Local News

Crew climbs to 'death zone' to work on WRAL tower

Posted December 29, 2008 5:00 a.m. EST
Updated March 9, 2009 5:11 p.m. EDT

— Shane Best considers himself part of a "special breed of people.” Perched high in the air, his job as a tower rigger regularly puts him 2,000 feet off the ground.

Best is part of the crew of Tower King II, a company that works on big towers. They spent Christmas week at the WRAL transmitter tower near Clayton installing a new digital antenna.

“There (are) very few people who can do what we do,” Best said. “A lot of people say they've got the gumption and the guts and the backbone, but when they get up there, they're white-knuckled and they can't move."

WRAL’s tower has six antennas at the top, making the work a little tricky. Clouds and howling winds stopped work for a few days, but crews eventually lowered the old antenna and hoisted the new one.

“This job's a little more difficult than a normal antenna change,” Best said.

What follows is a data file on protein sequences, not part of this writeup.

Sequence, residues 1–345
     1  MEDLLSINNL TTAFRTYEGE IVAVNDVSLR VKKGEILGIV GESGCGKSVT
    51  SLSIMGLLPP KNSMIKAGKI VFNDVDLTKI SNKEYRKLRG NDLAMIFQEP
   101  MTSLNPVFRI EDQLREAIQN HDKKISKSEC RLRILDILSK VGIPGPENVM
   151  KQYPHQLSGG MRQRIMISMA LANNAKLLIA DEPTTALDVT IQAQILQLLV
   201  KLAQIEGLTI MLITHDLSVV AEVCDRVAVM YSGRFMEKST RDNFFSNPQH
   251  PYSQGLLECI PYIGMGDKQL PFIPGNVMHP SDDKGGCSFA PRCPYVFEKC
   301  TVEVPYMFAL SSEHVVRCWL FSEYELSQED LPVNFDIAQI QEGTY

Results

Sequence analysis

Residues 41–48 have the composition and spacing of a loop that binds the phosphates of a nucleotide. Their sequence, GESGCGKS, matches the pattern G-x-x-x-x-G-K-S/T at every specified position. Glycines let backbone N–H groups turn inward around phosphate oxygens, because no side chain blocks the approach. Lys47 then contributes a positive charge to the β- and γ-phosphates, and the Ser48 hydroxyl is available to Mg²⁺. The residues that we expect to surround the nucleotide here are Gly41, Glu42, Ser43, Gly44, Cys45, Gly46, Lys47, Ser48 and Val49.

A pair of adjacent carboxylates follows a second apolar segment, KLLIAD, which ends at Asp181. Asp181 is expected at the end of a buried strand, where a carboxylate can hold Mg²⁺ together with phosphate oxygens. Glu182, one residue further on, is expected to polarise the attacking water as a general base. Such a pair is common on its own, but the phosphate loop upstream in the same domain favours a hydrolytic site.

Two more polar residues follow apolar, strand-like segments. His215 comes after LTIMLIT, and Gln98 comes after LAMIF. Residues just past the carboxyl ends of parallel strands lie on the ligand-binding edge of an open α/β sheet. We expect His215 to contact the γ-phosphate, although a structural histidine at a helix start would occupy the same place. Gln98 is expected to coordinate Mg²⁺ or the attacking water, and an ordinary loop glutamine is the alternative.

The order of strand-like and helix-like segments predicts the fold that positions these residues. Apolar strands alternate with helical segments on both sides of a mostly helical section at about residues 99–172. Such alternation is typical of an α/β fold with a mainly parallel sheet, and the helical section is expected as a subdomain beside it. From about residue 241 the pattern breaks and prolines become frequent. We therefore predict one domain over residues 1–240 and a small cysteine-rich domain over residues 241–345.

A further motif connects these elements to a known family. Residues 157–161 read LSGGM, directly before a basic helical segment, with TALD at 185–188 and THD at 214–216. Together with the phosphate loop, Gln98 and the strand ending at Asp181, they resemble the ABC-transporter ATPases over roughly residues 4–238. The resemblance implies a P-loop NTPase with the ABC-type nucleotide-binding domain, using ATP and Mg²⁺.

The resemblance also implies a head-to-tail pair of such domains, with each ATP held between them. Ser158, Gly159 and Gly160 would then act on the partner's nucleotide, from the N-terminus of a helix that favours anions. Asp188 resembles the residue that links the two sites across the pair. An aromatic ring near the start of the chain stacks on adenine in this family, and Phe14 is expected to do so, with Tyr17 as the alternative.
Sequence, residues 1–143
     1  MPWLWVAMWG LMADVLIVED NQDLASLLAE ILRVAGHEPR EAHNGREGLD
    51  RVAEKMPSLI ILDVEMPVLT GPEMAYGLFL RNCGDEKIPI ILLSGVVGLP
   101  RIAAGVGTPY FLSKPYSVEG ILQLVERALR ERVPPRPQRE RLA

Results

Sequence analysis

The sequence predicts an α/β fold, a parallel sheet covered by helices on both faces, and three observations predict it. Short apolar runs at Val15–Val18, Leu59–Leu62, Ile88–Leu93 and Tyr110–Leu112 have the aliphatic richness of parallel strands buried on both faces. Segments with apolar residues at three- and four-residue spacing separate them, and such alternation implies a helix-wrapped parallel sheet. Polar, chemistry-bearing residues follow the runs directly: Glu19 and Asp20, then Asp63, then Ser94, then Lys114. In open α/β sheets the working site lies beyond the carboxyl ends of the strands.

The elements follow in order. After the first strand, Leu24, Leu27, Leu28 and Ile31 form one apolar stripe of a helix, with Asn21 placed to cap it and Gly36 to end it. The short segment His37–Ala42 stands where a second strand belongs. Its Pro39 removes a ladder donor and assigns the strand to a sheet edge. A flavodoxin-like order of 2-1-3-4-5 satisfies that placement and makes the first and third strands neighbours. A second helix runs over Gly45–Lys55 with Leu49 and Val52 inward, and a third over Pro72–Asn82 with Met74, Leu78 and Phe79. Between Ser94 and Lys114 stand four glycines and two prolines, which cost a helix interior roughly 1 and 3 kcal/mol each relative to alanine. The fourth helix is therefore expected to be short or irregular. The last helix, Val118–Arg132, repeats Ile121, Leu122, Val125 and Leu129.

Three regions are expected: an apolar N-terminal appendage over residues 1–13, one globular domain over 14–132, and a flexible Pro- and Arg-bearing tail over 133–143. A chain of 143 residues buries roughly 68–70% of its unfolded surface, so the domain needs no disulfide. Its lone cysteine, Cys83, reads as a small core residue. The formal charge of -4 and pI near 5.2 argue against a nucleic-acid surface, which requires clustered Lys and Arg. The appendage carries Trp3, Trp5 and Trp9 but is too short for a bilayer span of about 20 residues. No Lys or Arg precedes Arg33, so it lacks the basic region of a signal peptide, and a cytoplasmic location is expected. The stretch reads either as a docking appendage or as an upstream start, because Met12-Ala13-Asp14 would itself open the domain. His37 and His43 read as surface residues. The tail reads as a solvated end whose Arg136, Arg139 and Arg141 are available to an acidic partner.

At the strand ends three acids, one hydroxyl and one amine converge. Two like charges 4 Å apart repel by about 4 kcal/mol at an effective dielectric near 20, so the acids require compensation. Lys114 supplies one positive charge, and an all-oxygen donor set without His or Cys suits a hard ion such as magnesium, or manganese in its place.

He and the crew said they get a thrill from working at extreme heights.

“Once you pass 50 feet, it's the death zone. I'm an adrenaline junkie,” Best said. “We don't really care if it's 2,000 or 10,000 feet. It's the same to us."

Some WRAL viewers might have noticed some problems receiving the station’s digital channels while crews worked on the equipment. The signal will be stronger than ever on Feb. 17 when the nation converts to .

The crew's work on WRAL’s tower will allow the station to use new technologies in the future, including mobile television.